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fdarkowAuthor Commented:
Thanks for the input.  It is making sense.

Could you please clarify a bit for me?

"make sure in Group Policy Default Domain settings that the users are allowed Local Logon rights, and Access from network rights."

Just to make sure - the Group Policy Default Domain settings - this is located in the Win2K server AD and not on the W2k3 server.  Is there a default Group Policy is created automatically for this?  If not, how would I create it or find it in the exisiting AD?

Yes, the "default domain policy" in AD on the w2k boxshould have it, and it will override any local policy set on the w2k3 box.

Just open ADUC, right click the domian name, then group policy tab then edit the DDP link...
First, lets define a couple of things; Not to say the definitions aren't already known, but it's confusing me a little, so I want to clarify, and hopefully find a solution for the issue.
When you log on to the system with a domain admin account, you are getting local admin permissions by default. Therefore, if you are logging into the server with a local administrator account, you have to access the domain with different credentials, as the local account is not a domain account.
Let me ask you a silly question, but one I have been caught on enough to make me blink. 8-)
What is the logon to box set for? THe local server, or the domain. I will assume you checked that silly thing, but still...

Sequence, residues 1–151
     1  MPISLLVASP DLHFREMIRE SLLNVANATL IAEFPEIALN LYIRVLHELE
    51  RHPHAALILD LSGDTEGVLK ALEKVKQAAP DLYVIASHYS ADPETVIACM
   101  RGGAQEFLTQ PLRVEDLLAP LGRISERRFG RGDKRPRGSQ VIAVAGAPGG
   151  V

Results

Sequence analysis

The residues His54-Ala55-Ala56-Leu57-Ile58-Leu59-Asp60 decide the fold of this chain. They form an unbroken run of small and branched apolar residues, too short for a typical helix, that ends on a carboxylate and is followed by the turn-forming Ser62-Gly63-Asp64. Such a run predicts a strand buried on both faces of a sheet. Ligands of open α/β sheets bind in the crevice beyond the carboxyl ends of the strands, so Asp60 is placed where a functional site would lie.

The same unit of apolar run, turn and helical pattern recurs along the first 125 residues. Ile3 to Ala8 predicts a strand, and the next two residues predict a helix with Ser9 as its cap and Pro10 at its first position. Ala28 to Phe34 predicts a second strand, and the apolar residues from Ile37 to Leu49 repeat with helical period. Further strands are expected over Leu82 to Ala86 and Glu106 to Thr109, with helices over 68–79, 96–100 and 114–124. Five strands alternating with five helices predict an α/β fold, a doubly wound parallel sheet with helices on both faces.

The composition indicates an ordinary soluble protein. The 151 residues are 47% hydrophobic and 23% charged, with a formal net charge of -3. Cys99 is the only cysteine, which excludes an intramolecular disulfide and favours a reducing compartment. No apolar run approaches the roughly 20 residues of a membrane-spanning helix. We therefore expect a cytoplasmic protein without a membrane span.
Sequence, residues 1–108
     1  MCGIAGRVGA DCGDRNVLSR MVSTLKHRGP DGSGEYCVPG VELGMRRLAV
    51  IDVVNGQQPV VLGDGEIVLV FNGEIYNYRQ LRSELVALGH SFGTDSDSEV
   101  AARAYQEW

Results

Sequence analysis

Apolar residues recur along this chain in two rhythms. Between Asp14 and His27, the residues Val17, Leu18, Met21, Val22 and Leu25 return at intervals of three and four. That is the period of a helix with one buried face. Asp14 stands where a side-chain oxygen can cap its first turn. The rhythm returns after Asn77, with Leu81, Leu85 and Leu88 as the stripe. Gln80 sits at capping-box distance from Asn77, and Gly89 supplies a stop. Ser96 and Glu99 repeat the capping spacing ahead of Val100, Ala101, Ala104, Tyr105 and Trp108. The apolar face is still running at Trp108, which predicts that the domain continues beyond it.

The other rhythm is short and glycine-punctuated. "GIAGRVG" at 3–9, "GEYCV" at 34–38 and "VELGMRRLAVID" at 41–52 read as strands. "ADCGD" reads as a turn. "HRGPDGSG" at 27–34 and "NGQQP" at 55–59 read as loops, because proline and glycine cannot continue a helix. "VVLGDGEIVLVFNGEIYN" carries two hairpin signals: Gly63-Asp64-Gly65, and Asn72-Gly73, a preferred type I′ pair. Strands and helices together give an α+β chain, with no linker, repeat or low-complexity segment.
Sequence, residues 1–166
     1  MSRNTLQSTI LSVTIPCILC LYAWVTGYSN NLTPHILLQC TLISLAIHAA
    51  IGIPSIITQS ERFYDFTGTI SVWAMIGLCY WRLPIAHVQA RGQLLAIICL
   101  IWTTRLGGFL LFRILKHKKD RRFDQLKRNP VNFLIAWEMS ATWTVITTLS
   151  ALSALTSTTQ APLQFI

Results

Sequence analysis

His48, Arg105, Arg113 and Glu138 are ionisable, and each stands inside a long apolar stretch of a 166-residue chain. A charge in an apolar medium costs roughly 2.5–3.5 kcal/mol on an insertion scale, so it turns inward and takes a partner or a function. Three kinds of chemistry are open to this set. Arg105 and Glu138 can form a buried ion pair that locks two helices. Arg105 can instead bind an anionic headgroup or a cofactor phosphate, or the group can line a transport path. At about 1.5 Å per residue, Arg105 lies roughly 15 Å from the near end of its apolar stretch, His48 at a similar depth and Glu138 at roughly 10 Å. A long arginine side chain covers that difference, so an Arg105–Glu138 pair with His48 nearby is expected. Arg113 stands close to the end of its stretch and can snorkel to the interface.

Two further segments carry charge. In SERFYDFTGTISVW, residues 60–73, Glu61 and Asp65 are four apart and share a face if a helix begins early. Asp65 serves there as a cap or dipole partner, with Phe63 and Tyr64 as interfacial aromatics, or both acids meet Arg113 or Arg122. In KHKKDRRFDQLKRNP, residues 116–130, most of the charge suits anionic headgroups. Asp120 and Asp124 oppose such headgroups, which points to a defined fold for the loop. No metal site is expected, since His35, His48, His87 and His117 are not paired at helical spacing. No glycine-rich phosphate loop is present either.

Now, since the aforementioned is an obvious given, we need to discuss the possibilty of a GPO that ma be using restricted groups that may be tagged that prevents something, but since I'm not real familiar with it, I won't go there, except to get it on the table.
If the account you are using is a local only account, there is the cause of the credentials box prompt.
Hmm, while harleyjd gave the most liekly cause, there can also be some settings in other palces that effect this, as well. Like in RRAS. How are the permissions for access applied? Via GPO, or granted per user under dial-in permissions?
I suspect the internet issue might be related to the other issues, but only if your machine is having DNS issues. That could cause all of the issues, but should also have other effects.
However, it might not be immediately obvious, under certain circumstances. Are you using WINS? That would assist (partially) in name resolution, which would help the server find the DC, but things AD related would be problematic. This sounds like it might be involved, possibly.
Check name resolution, as that seems to be at the heart of the matter.
Sorry for being so long winded, and I swear I meant nothing about any of the comments other than as observation and clarification to ensure we are sharing the same definitions. Lord knows, I'm SOOOO guilty of the "Thing-a-ma-bob" syndrome... 8-)
Good Luck!
fdarkowAuthor Commented:
1)  We can now add people directly from the Domain AD.  I think we had it by default previously after removing it from the Domain and then Adding it again.  Works fine.

2)  We have also configured the Terminal Server to accept logins that do not have the Domain Admin permissions.  We went to the Administrative tools > Terminal Server configuration > right clicked on the RDP and went to properties > Clicked on the Permissions tab and added each person/profile/group as needed.  It worked out well.

3)  The Internet issue is still a concern.  It will need to be another post however.  It is very intermittent and we are trying hardware replacement next to see if we have a bad cord or NIC.  If that does not work, a new post will appear.

Thanks for all your help.  I appreciate all the input.